is written to help authors, business owners, and non-profits
spread their message like wildfire.
The more you rely on technology to spread your message, the more you must be brief. We live in a world of smaller screens, smaller attention spans, and smaller conversations where media platforms continuously shrink discussions. For instance, radio and TV interviews these days are typically no longer 3 – 6 minutes. And, social media tools, like Twitter, limit your remarks to just 140 characters.
To market successfully in a world of micro-communication, it’s crucial to speak concisely with power. People no longer give authors, business owners, or non-profit directors a long time to explain what they do. You’ve got to capture another person’s attention right off the bat.
The best way to grab someone’s interest is to speak in powerful sound bites, or “power-bites.” Think of power-bites like a newspaper editor uses punchy headlines to introduce articles. Talk about your book, product, or service in a manner that makes someone curious or inquisitive.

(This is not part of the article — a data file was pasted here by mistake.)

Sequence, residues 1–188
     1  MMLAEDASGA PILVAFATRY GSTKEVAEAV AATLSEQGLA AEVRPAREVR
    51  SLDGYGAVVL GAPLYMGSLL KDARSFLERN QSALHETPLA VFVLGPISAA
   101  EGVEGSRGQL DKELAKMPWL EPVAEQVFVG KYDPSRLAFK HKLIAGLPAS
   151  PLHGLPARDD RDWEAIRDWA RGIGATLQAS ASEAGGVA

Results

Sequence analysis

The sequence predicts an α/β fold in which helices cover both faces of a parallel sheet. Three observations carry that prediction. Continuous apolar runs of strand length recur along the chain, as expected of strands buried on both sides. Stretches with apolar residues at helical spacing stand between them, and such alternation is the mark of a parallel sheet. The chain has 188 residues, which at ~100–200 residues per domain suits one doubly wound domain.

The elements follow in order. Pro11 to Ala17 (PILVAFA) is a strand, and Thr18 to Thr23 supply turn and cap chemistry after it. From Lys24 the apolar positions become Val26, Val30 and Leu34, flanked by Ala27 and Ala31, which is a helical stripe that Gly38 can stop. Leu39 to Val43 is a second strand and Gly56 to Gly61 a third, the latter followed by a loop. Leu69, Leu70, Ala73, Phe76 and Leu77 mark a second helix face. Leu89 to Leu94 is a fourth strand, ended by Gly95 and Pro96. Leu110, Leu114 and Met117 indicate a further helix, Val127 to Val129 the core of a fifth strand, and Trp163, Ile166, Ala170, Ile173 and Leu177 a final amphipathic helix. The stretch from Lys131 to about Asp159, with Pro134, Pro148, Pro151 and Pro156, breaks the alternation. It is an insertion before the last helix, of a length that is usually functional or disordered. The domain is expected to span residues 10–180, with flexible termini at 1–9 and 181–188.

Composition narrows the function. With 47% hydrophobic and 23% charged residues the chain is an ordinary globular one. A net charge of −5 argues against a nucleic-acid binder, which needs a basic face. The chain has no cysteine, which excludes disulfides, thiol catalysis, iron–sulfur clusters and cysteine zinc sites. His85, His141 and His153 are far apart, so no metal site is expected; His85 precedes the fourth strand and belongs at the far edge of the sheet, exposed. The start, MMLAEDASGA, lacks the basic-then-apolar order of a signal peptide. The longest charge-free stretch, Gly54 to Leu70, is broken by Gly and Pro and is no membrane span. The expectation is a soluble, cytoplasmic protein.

For example, I’m starting to promote my new book, “Sell Your Book Like Wildfire,” which releases in 30 days. When media reporters, bloggers, or publishing executives ask me about my book, I don’t go into a long drawn-out description. Instead, I lead my responses with pithy power-bites, such as:
- Never tell someone what your book is about. Tell them “What’s in it for me?”
- If you want to sell more books, stop selling books and start selling results.
- Start small to sell big. Light a fire with your kindling audience first.
- My book is the bible of book marketing.
- Marketing is easy with 3 simple questions: What’s your value? Who needs it the most? Where do they congregate?
In a fast-paced world where Facebook, Twitter, and the 24/7 news media allow everyone to have a voice, it’s more important than ever to cut through all the noise. Use power-bites to punch through the cacophony, gain people’s attention, and spread your message like wildfire.
Take action today: Create three new power-bite sentences for your book, product, or service.
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Edward Smith says
Thanks, you are so right about the need to be "short and sweet" that is the way it is today. Thanks again, Edward Smith.